Orienting and onboarding new employees have always been a challenge for companies. But because of the pandemic, it became even harder for companies to brief new employees on policies, duties and responsibilities, and other things that will help them become productive members of the team. How should you train, welcome, and collaborate with employees when there are social distancing measures in place in your office? You can do that through corporate video production.

Thankfully, technology provides a way for you to train and welcome new employees even if they don’t have to come in the office just yet. When making a corporate video production, make sure that your main goals are front and center. What are these goals exactly? It’s to connect people, be explicit and intentional, and provide resources.

Connect People

If you want your team to collaborate well, you have to make it a company policy for everyone to attend a meeting. This will allow them to work with each other under your supervision. It is easier to see the nuances and the differences among people when you are present in the room. Yes, even in your virtual conference room. Introduce the new employees to the rest of the team. Make sure that the senior members of the company know these new employees, too.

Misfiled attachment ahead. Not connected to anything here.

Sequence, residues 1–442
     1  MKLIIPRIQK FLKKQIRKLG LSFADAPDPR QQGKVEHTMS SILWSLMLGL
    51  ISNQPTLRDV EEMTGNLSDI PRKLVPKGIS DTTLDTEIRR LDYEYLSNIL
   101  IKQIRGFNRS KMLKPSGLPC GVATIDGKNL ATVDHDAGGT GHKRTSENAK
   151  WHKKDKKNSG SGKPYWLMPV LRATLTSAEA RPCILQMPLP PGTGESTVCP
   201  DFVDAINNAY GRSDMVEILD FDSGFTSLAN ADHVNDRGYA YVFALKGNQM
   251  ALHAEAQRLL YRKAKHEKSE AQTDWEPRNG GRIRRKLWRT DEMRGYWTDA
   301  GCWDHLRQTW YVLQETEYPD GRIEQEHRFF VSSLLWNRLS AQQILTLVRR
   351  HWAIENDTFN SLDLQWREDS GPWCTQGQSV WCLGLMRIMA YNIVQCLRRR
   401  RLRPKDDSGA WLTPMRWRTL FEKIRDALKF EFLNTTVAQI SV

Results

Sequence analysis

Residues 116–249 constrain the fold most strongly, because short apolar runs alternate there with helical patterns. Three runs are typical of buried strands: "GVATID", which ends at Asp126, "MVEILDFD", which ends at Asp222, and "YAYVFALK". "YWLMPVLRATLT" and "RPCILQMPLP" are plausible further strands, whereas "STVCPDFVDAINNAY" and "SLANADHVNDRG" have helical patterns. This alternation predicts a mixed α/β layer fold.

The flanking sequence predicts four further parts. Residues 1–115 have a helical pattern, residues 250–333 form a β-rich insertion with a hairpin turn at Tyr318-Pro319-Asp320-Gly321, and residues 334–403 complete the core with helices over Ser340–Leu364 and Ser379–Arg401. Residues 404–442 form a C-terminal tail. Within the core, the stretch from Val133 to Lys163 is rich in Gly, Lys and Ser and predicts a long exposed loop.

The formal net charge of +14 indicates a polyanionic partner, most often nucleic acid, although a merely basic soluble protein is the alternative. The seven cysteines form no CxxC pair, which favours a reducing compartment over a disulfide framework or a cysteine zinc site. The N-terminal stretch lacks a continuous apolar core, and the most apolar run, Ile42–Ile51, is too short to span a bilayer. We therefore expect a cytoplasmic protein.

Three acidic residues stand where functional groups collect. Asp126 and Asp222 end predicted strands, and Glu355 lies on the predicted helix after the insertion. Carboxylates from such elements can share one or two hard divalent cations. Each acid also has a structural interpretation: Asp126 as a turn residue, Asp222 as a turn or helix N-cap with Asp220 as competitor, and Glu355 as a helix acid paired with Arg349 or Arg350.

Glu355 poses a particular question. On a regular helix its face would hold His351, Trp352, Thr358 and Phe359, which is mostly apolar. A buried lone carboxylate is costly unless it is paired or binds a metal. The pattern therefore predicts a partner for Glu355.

You should also connect people with their mentors and even a buddy if it’s possible. A buddy will be the person who guides the new employee around the workings of the office.

Be Intentional

There are a lot of vague policies and unwritten rules in any organization. The success of an employee in your organization depends on his/her understanding of these unwritten rules. But this is especially hard when they’re forming connections virtually. You should brief them as much as you can about these unwritten rules. The corporate video production can discuss different scenarios that will force these new employees to discern what must be done.

Provide Resources

Make sure that the video will also discuss the various resources available to your new employees. This includes tools, information, and equipment. Once they start working in the office (rather than a work-from-home setup), they should be comfortable enough in moving around. They should know that there are equipment, tools, and resources available to them. And if they need more help, they should know who to go to and what they can expect from the organization.